To me, it’s a novel that pulls you inside the central nervous system of the characters . . . and makes you feel in your bones their motivations as affected by the society of which they are a part. It is folly to believe that you can bring the psychology of an individual successfully to life without putting him very firmly in a social setting. After The Bonfire of the Vanities came out I was accused of the negative stereotyping of just about every ethnic and racial type known to New York City. I would always challenge anyone who wrote that to give me one example. I have been waiting ever since. I think what I actually did was to violate a rule of etiquette—that it’s all right to bring up the subject of racial and ethnic differences, but you must treat it in a certain way. Somewhere in the tale you must find an enlightened figure, preferably from the streets, who shows everyone the error of his or her ways; a higher synthesis is created and everyone leaves the stage perhaps sadder but a good deal wiser and a good deal kinder and more compassionate. Well, this just simply isn’t the way New York works. The best you can say is that New York is held together by competing antagonisms which tend to cancel one another out. I tried to face up to that as unflinchingly as I could.

Haruki Murakami

What was the first book you read in English?

The Name Is Archer, by Ross MacDonald. I learned a lot of things from those books. Once I started, I couldn't stop. At the same time I also loved to read Tolstoy and Dostoyevsky. Those books are also page-turners; they're very long, but I couldn't stop reading. So for me it's the same thing, Dostoyevsky and Raymond Chandler. Even now, my ideal for writing fiction is to put Dostoyevsky and Chandler together in one book. That's my goal.

Oct 26, 2009

Off my feet but still distant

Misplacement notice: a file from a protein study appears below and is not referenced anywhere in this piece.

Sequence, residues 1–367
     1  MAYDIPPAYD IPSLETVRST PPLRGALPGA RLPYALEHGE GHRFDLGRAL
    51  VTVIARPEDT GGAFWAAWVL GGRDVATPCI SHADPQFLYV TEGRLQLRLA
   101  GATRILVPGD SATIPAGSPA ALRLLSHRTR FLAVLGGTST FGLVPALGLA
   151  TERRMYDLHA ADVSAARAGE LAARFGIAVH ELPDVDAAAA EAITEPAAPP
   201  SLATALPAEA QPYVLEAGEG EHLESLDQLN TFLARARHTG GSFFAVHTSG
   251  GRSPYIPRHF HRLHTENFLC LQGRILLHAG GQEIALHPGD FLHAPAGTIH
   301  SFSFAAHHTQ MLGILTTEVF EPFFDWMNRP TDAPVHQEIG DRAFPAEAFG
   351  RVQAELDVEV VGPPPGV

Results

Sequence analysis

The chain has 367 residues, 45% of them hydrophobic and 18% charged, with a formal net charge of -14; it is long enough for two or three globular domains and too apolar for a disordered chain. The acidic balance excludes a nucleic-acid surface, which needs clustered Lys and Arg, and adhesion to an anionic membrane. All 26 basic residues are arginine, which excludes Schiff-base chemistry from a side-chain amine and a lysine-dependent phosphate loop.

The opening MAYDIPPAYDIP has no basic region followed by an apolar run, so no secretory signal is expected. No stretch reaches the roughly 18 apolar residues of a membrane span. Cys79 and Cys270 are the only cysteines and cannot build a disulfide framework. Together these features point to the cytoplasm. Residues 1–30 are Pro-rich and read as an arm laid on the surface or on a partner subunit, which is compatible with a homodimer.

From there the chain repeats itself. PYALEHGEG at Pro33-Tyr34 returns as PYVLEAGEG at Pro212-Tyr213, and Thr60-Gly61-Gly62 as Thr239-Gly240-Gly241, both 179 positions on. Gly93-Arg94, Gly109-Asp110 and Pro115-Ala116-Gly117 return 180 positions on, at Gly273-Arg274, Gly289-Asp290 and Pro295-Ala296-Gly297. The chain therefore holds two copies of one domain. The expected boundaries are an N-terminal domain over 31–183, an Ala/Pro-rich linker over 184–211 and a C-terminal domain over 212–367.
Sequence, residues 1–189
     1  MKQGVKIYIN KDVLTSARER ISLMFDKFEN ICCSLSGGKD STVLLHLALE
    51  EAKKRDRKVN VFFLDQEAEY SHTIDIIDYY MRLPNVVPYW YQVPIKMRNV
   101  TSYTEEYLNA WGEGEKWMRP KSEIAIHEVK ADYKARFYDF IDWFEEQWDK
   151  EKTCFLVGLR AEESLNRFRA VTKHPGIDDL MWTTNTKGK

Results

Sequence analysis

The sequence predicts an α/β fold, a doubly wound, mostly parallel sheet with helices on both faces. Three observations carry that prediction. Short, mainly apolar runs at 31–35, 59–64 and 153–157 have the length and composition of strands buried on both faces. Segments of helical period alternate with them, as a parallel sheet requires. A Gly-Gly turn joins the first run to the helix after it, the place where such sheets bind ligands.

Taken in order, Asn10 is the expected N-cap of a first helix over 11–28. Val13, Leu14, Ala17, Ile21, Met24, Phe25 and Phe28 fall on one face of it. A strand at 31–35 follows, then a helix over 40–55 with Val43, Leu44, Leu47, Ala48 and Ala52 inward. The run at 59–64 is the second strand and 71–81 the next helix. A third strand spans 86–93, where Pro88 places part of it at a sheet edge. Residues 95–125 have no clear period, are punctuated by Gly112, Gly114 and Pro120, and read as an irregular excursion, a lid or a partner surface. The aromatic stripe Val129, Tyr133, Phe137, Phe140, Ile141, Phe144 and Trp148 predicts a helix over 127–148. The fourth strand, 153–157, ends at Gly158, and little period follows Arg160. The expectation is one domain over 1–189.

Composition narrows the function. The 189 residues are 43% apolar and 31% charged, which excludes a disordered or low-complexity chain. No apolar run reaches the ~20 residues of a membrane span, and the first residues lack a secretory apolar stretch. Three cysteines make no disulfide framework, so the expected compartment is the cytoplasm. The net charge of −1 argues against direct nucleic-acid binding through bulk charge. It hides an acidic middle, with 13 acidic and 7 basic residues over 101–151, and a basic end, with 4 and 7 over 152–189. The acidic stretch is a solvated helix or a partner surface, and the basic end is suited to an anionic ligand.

The water started to wash away the salt from sweat and tears, along with the dust that had begun to mix with it. I breathed in deeply and did my best to release the lingering tension I felt. I told myself it was going to be okay, I’m doing the right thing. I thought about creating some excuse for us to go out to dinner tonight, but I knew it wouldn’t be easy to convince them at the last minute. I rinsed off the soap and shampoo, imagining I could somehow leave my doubts behind circling the drain before finally falling down into the terrifying Los Angeles sewage system. I stepped out of the shower and kneaded the bathroom rug with my feet as I dried myself off with a fresh white towel. I hung the towel and walked into the bedroom. I dressed in jeans and a t-shirt, and lay down on the bed. I looked up at the linen white ceiling and stared at the small bumps, ridges, and ravines that made up the texture of it. Since this house was the product of years of my mother in law’s considerations, obsessions, and moods I was certain there was a reason for this specific texture. For the most part it looked like any other ceiling, but at various family occasions during the years that Lauren’s mother, Elaine was alive, I would ask her about a particular nook or corner’s purpose or why the garden had been placed immediately upon the backdoor of the house. She would say, “Jonathan, I can’t just explain why there is a triangular corner behind the guest’s bathroom door. That decision is tied to everything else in this house. If you really are interested I can explain, but it has to do with the stairway and the particular steps I chose. I had also intended to have a fireplace, and the chimney would have needed a way to reach the roof, so it was designed to pass through that portion of the wall and lend the hallway character. I don’t like blank hallways and it seemed too much of an invasion of my privacy to put a large window at the end of the hall. You look bored! See? I told you that it was tied to everything else, and I haven’t even gotten started.” Usually around then someone would change the subject or Lauren would pull me away to help with the preparation of our meal. Despite the many holidays we shared in this home, before it was inherited and after, while Elaine was still alive but not healthy enough to live on her own and feeling like she was wasting the potential of her masterpiece, I still do not feel like I have any clear idea of why our home was made the way it was. It is a yellow-orange color, with a wavy chocolate fairytale of a roof, the floors are maple which has been well-maintained, and it has two stories. As a boy I had a fleeting interest in architecture, but remembered hardly enough to be able to identify who inspired her to make this home, or if there even was anything quite like it. It was a comfortable and Anna’s school friends loved it, calling it a gingerbread house. When guests visited they inevitably made some sort of comment, but at times their eyelids tightened and a cringe might flash momentarily betraying their judgment that the house was too playful or modern. I heard the sound of tires in the driveway and the familiar sound of Anne slamming the car door and running to our front door along the stone walkway, but then being called back to bring her violin inside too. I rubbed my eyes and stood up, just as Lauren opened the door and said, “We’re home!”